LAKE STEVENS — Federal funding for the city of Lake Stevens could be in jeopardy over allegations about not complying with the Americans with Disabilities Act on curb ramps, crossings and a required plan to address accessibility gaps.
On Sept. 28, the Washington State Department of Transportation sent Lake Stevens a letter outlining the city’s alleged shortcomings in the face of the civil rights law and regulations, commonly referred to as ADA. The state also warned the city of its “intent to withhold federal funding.”
The letter also referred to a notice in 2021 over similar ADA compliance issues. WSDOT staff confirmed claims made in a complaint from 2020 during a “field visit” in May 2021, WSDOT Office of Equal Opportunity director Earl Key wrote.
“As of today, the city has yet to complete an ADA transition plan despite multiple warnings sent by WSDOT to do so,” Key wrote.
“… There are some social media posts I would like to address. Recently a letter of non-compliance was issued by WSDOT to the city surrounding ADA issues,” Gailey wrote. “We have been and will continue to work through these issues with WSDOT. For clarity’s sake, we have not lost one dollar of federal grant money due to this letter and we will have (compliance) prior to the use of the current awarded federal money for the Main (Street) capital project in 2024.”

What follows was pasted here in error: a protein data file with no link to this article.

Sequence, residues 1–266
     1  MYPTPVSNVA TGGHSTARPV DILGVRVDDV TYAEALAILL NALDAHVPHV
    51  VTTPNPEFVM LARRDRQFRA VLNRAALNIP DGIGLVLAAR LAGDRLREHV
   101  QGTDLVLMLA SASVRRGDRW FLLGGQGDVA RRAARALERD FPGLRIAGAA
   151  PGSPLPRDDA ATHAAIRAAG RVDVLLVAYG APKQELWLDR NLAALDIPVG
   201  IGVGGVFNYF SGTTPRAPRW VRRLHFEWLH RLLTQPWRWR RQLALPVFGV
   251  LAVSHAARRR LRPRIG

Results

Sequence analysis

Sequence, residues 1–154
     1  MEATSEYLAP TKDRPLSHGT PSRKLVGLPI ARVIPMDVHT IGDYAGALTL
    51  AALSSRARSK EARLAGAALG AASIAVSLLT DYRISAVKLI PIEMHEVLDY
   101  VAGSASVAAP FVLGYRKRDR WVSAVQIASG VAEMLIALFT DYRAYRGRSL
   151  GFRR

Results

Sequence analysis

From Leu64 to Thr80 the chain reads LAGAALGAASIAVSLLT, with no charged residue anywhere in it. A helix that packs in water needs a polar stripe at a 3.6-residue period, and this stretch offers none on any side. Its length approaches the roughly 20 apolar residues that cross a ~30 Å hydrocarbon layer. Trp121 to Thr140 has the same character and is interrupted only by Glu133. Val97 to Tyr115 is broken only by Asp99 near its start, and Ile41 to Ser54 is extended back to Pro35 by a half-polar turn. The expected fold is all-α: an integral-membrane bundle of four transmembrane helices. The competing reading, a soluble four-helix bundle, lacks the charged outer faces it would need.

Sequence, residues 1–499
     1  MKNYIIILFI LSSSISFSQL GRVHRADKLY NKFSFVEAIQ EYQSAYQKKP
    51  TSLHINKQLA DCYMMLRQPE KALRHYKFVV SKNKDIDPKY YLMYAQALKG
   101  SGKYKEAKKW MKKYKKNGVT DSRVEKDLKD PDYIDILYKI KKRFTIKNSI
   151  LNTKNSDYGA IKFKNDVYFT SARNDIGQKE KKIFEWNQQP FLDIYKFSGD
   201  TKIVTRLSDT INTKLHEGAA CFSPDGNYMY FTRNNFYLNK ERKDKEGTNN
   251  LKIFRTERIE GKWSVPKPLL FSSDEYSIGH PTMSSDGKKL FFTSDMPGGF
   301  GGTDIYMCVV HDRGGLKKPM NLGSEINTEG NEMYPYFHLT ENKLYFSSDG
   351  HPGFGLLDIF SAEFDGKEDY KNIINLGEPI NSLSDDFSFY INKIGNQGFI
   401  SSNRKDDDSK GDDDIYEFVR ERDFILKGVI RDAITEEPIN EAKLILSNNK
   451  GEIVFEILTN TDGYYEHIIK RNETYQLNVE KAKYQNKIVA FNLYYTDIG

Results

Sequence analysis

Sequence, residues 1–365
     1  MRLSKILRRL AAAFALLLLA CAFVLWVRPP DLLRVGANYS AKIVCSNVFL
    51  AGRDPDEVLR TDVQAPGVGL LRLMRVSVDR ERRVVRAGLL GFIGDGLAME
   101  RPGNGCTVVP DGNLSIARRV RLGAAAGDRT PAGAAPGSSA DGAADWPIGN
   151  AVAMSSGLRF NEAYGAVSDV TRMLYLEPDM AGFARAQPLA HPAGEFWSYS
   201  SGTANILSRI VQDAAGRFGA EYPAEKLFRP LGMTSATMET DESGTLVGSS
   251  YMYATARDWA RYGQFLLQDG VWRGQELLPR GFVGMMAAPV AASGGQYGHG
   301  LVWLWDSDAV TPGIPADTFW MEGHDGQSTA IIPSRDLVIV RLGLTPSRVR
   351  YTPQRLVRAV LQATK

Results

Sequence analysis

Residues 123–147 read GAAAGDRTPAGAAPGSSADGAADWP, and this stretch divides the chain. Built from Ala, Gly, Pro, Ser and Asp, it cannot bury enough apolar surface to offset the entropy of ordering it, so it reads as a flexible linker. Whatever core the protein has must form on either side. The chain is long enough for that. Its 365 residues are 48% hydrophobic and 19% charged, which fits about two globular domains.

Federal funding goes through the state and can be tied to adherence to federal laws and regulations like the ADA. When something is out of compliance, the tug of the purse strings can spur corrections.
“There’s been active voice in pointing out what deficiencies there are in Lake Stevens. That’s what it comes down to,” city attorney Greg Rubstello said. “There’s been aggressive active voice in pointing out ADA non-compliance in Lake Stevens, where it perhaps isn’t getting pointed out in other jurisdictions.”
Indeed a Lake Stevens resident has been vigilant in documenting the city’s ADA shortcomings.
“That WSDOT actually took action here I think is a good step,” Zivarts said. “Not that we want people to be used as bad examples, but it will send a signal to larger jurisdictions that it’s time to get an ADA plan together” and budget for that work.
The city replaced or installed 14 new curb ramps this year and plans to replace at least another 24 next year, Lake Stevens Public Works director Aaron Halverson told the city council. Six of those ramps were near Lake Stevens High School, four on 91st Street NE north of Market Place, and four on 18th Street NE and Main Street.
But the consultant who crafted the city’s ADA transition plan, a required document that guides investments for accessibility, reportedly used “inadequate technology” for the initial survey, Halverson wrote in his response to the state.
It means the curb ramps must be reevaluated, delaying the completion of the plan until next year but in time for March 31, which city leaders argue is the state’s deadline.
Lake Stevens now has a matrix to prioritize and track work that addresses ramps and crossings.
The city also has “regular and ongoing” training for staff as well as related to private development ADA conflicts, Halverson wrote.
“It is the intention of the city to improve ADA compliance through staff training, plan development and capital project construction,” he wrote.